Once you get past the hype, there's little chance for long-term gain with this stock.
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Investors were watching for strong sales at the retailer.
Shares of Macy’s (M) edged higher in early trading Friday on investor optimism that the department-store giant would see strong Black Friday sales.
The stock was up 22 cents, or 0.41 percent, at $53.76 shortly after the stock market opened. It later fell by less than 1 percent to $53.26.
Black Friday is traditionally the busiest shopping day of the year for retailers and the kickoff to the all-important holiday shopping season. Black Friday sales figures are generally a good indication of consumer sentiment leading into the holiday season.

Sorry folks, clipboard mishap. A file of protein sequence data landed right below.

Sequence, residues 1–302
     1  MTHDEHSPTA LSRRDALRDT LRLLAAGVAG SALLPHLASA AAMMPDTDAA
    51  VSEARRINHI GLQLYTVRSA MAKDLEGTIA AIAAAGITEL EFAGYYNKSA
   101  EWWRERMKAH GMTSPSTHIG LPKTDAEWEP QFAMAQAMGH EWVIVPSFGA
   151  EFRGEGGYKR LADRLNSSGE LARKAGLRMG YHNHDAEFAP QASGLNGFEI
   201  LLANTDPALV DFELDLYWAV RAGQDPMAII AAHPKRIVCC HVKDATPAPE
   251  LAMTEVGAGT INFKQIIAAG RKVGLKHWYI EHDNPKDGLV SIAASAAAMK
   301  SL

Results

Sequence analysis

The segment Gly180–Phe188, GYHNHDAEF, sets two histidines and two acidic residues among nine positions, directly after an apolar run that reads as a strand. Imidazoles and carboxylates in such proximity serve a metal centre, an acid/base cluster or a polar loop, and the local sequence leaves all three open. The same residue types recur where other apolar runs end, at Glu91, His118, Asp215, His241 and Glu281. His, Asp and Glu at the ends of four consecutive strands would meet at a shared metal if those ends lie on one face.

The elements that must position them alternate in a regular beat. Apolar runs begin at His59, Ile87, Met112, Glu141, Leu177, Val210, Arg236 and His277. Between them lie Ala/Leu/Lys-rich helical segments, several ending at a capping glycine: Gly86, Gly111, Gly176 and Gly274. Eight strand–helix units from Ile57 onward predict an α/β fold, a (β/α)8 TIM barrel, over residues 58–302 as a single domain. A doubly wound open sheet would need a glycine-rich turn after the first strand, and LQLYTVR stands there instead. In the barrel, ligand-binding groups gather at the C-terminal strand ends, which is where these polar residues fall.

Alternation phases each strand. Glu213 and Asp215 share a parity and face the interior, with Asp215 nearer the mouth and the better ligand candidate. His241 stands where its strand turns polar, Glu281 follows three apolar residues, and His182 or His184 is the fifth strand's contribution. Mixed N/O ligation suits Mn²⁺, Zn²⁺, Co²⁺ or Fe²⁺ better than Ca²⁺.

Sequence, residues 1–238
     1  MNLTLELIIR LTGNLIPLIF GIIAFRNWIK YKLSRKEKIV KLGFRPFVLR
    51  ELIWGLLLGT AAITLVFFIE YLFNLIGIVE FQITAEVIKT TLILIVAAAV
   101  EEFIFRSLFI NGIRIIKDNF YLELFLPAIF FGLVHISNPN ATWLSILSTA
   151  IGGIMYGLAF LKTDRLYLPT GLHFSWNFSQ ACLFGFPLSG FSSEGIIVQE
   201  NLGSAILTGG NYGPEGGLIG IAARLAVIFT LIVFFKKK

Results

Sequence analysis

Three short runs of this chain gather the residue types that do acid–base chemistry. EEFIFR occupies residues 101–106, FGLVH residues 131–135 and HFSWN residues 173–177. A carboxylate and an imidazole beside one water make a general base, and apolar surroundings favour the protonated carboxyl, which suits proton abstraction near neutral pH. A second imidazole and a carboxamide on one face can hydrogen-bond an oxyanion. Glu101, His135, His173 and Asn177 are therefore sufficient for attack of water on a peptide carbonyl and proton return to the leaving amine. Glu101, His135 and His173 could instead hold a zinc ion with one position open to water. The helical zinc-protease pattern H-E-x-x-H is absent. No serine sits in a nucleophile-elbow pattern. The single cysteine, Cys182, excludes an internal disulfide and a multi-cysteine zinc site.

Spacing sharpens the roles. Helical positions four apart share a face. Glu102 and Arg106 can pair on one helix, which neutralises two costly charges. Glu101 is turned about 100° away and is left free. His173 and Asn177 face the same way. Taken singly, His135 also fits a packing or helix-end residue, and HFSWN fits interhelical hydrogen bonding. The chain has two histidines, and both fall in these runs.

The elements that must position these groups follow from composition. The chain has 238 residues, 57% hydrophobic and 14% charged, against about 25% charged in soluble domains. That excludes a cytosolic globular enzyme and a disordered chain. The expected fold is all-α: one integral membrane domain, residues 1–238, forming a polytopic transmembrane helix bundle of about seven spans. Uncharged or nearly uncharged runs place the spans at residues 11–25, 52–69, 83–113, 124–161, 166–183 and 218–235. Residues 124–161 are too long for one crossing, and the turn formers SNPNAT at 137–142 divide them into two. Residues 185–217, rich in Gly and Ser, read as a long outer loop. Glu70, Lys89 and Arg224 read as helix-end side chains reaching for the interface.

The company's business model has yet to gain traction with investors, however.
By Neal Rau
Groupon's (GRPN) made a name for itself as a pioneer of the daily deal business -- a business model that has been replicated by hundreds of copycats over the past few years.
Lately, however, the company has been more focused on its retail goods business, and is transforming from a daily deal email platform to a local service and merchandise marketplace.
Instead of sending time sensitive emails with offers, consumers get to search for local deals that do not expire. The stock is up 86% this year, but is well off the yearly highs made in September. Is Groupon a buy after the big pullback?